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Understanding Grief and Bereavement

Understanding Grief and Bereavement

Grief is like the ocean; it comes in waves, ebbing and flowing. Sometimes the water is calm, and sometimes it is overwhelming. All we can do is learn to swim.” – Vicki Harrison, Author.

Losing someone we love is possibly one of the toughest, most dreadful things we will ever experience in our lifetime. The feelings of sadness, confusion and anger can be immeasurable, dominating our days and causing us to withdraw from the real world. For those blindsided by sudden losses, it can be especially traumatising to realise that we never really know when life may throw us a devastating curveball and crush our dreams, forcing a new reality upon us. Whether through bereavement or other types of losses (eg. divorce, relationships, financial and health losses etc)  grief can pose a major threat to our mental state. As painful thoughts and emotions spiral, some may begin to question the comprehensibility of life or doubt their own competence when they find their core beliefs of a secure and benevolent world challenged. Without adequate psychological buffer and defence, the world feels shattered and we may be overwhelmed by loss.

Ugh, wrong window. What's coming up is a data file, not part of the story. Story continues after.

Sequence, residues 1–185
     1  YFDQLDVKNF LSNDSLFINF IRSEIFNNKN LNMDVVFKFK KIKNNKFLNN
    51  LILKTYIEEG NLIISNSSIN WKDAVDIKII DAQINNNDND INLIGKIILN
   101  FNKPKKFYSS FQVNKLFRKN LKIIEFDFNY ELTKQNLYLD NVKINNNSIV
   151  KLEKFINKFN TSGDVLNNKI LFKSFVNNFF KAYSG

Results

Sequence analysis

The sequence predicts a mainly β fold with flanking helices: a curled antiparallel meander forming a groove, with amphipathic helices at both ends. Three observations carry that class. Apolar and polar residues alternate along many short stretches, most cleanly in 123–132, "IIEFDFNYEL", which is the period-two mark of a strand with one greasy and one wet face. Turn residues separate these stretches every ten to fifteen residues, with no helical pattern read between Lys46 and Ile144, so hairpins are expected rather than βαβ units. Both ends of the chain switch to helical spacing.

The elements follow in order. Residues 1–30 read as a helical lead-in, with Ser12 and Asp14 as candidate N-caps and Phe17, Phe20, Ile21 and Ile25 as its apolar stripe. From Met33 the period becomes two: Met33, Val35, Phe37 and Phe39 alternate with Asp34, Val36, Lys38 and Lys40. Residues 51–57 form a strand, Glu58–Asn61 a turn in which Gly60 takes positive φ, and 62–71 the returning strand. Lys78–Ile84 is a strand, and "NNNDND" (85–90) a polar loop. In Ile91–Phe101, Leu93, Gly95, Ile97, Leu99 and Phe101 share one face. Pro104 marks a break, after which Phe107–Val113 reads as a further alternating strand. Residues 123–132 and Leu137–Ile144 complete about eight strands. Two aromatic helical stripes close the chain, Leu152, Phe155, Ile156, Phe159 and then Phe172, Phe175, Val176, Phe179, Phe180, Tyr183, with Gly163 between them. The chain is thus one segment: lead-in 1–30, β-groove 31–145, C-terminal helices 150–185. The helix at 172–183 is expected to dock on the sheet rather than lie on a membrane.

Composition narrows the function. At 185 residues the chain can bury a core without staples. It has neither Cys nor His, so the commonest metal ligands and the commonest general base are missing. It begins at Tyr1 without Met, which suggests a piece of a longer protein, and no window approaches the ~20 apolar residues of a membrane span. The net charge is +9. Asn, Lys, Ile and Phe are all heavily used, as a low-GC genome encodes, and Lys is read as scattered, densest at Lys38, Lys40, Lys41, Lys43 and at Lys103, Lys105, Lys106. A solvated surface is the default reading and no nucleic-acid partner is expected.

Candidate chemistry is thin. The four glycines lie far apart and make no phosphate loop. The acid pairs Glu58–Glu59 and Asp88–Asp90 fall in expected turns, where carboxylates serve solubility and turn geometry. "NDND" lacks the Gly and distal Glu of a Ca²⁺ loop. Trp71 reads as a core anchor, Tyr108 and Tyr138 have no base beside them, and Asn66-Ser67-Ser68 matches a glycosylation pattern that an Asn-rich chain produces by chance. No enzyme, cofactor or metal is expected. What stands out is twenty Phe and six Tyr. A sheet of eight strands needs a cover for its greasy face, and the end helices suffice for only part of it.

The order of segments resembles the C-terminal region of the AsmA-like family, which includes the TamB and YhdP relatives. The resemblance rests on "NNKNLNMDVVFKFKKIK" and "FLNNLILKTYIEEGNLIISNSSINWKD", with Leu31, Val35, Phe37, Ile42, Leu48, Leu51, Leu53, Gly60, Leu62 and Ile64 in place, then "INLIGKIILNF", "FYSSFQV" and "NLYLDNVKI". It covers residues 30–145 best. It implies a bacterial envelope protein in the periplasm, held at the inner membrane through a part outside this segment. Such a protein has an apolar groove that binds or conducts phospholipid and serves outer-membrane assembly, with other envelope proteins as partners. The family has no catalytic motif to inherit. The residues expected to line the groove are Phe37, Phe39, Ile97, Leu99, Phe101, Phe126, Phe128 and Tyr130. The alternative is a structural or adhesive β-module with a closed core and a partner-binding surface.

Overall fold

Psychiatrist Elisabeth Kübler-Ross’s grief model noted there are five stages commonly experienced in grieving. 

  • Denial: Avoidance, confusion, shock, fear and disbelief.
  • Anger: Frustration and irritation.
  • Bargaining: Struggling to find meaning in life, or constantly telling yourself, “If only i had…”
  • Depression: Feeling helpless, lonely and wanting to withdraw from life. This stage is also the most commonly associated with grief.
  • Acceptance: Exploring options, putting new plans in place and trying to move on.